Memories of Lauren Bacall 1924-2014

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Film fans have endured a rough summer. We’ve lost many talented people who have brought us immeasurable joy. Today I’d like to celebrate the late great Lauren ‘Betty’ Bacall who mesmerized audiences with her incredible beauty, quick wit, smoky voice and sultry style. She was a beloved stage and screen actress but she was also much more including an award-winning writer, a socially conscious political activist, an avid fashion enthusiast who designed her own maternity clothes and a survivor who out-lived two husbands (Humphrey Bogart and Jason Robards) and managed to raise three children on her own. What follows is a stunning gallery of portraits as well as a collection of personal observations about Bacall from friends, acquaintances and family members who knew her and loved her.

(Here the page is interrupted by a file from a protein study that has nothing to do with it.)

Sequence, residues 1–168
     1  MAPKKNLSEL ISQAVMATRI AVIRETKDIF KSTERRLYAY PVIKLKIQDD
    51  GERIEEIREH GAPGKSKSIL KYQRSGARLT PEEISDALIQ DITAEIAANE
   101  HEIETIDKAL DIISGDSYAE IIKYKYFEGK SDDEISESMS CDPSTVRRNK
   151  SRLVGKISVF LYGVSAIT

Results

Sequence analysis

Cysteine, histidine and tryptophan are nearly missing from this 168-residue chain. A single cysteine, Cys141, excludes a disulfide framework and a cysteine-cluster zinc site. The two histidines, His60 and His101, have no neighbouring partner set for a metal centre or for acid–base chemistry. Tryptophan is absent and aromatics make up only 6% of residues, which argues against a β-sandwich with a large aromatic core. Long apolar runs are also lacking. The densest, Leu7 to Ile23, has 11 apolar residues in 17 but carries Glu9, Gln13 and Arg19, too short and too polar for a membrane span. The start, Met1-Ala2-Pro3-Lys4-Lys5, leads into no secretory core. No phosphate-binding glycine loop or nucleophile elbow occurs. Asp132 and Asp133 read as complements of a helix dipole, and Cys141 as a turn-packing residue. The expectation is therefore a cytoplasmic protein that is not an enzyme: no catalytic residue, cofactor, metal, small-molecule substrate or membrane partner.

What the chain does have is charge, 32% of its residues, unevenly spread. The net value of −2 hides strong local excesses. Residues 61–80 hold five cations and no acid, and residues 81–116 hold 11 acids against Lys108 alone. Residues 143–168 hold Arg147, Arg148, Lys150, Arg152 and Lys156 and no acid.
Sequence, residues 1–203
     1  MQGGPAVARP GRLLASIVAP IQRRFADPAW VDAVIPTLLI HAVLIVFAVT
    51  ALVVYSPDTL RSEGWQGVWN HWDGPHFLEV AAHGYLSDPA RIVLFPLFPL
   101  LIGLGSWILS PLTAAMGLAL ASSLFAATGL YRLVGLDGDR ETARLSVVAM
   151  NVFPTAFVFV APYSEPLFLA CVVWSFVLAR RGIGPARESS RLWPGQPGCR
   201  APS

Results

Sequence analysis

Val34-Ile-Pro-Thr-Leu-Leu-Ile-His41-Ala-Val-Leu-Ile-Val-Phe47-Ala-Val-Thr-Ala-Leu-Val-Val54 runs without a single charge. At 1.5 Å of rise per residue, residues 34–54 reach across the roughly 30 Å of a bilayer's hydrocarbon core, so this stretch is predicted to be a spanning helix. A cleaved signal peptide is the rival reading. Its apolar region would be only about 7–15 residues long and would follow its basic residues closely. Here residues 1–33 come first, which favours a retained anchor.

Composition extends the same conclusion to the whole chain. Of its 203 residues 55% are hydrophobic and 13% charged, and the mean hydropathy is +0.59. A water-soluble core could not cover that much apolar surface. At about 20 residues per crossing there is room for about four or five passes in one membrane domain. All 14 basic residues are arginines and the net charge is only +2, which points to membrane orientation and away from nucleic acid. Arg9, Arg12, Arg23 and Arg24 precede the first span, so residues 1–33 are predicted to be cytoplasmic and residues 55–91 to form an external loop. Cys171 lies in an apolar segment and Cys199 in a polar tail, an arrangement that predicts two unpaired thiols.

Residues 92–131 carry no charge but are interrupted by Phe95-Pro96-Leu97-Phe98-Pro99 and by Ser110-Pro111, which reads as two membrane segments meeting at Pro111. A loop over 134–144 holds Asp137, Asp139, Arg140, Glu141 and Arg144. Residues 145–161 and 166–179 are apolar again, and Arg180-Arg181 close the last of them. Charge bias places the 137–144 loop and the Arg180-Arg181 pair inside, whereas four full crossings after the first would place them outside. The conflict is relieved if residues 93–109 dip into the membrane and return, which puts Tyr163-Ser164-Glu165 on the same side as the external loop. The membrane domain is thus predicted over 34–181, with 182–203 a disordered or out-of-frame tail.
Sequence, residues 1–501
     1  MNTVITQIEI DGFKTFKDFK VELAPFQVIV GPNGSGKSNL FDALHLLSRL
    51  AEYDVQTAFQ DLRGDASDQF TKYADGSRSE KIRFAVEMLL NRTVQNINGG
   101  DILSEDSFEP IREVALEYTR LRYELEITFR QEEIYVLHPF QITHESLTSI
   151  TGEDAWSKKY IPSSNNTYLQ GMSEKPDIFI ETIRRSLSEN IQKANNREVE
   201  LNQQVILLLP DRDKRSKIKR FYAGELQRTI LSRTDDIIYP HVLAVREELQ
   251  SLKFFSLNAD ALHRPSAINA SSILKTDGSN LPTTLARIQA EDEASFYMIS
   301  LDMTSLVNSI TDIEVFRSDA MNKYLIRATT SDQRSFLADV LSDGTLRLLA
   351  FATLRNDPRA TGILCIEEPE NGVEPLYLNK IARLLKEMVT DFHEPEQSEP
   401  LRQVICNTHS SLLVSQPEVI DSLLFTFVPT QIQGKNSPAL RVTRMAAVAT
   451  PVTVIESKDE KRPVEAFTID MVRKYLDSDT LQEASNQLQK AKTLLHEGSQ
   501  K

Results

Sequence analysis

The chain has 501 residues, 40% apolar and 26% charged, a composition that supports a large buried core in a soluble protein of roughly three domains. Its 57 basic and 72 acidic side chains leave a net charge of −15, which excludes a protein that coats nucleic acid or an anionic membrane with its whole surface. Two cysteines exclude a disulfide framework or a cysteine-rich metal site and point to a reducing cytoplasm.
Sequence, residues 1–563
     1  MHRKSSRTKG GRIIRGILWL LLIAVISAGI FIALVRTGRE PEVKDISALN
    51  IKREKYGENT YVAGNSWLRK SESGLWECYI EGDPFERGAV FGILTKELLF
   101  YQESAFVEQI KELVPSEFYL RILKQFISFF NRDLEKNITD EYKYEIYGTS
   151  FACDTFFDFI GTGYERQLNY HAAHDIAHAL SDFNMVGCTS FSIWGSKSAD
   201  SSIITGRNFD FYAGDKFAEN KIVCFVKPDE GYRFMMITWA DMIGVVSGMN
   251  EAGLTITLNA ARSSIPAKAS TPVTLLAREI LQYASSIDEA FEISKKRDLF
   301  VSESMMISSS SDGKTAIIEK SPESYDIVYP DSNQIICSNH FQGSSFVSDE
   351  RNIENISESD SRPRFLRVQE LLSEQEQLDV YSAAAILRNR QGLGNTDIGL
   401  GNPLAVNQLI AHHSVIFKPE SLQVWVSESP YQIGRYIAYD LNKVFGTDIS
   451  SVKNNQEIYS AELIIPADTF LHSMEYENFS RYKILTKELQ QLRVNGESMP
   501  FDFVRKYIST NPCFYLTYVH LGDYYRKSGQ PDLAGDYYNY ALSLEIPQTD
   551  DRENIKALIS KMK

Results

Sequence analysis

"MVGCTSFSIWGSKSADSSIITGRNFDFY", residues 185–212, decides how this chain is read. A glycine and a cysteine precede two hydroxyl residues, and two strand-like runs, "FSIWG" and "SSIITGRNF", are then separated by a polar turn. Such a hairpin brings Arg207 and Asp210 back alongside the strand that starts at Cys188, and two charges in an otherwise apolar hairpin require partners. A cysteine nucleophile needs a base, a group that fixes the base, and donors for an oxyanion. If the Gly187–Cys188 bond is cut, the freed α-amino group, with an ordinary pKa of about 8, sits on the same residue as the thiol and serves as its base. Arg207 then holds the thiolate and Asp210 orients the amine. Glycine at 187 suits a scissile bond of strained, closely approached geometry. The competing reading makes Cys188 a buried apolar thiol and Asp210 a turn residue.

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“She’s a real Joe. You’ll fall in love with her like everybody else.”
— Humphrey Bogart

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“Full of the devil.”
— One of Bacall’s (anonymous) high-school teachers

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“She looked incredible. . .Her voice was husky, low and magnetized everyone in the place.”
— Patrice Chaplin

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“The girl with the honey-colored eyes and baby leopard slouch.”
— Alistair Cooke

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“She was gay and charming and a darling from first to last.”
— Noël Coward